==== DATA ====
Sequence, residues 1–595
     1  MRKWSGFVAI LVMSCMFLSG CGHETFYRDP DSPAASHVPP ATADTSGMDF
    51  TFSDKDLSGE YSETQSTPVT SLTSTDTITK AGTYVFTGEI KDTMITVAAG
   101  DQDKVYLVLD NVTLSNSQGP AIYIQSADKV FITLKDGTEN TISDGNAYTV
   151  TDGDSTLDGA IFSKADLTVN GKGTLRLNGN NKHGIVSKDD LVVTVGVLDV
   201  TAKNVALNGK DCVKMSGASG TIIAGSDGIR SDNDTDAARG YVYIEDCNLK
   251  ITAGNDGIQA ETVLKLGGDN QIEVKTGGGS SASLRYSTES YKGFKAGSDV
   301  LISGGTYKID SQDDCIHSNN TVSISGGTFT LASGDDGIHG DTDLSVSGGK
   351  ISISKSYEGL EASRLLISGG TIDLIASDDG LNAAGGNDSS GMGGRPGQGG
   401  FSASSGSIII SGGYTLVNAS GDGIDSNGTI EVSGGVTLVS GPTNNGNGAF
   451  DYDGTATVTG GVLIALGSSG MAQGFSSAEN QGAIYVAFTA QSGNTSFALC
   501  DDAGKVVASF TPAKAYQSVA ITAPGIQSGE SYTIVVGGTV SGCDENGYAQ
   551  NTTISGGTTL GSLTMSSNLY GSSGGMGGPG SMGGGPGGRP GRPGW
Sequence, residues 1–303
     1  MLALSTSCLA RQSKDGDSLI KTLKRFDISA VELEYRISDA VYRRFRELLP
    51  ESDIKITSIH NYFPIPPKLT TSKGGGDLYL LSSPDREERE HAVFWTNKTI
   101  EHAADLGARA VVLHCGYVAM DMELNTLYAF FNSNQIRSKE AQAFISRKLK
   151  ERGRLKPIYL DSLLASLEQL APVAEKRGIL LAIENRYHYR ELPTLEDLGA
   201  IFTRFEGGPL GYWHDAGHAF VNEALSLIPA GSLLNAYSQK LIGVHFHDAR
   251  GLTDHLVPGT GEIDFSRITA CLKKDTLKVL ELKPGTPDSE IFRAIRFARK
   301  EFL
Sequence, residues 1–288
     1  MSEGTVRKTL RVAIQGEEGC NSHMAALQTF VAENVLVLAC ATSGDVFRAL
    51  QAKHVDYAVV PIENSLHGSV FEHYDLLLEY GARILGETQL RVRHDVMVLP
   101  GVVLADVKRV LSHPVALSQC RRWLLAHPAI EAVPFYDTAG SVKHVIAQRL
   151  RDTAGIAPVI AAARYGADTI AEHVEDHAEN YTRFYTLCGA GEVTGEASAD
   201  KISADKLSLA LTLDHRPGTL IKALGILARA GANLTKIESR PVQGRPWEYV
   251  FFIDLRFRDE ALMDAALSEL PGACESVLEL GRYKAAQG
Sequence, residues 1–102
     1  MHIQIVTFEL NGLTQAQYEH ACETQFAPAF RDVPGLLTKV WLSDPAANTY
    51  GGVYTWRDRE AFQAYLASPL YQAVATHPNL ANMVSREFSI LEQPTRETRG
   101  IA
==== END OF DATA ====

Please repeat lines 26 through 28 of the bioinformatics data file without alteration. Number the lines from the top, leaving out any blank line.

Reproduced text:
   151  RDTAGIAPVI AAARYGADTI AEHVEDHAEN YTRFYTLCGA GEVTGEASAD
   201  KISADKLSLA LTLDHRPGTL IKALGILARA GANLTKIESR PVQGRPWEYV
   251  FFIDLRFRDE ALMDAALSEL PGACESVLEL GRYKAAQG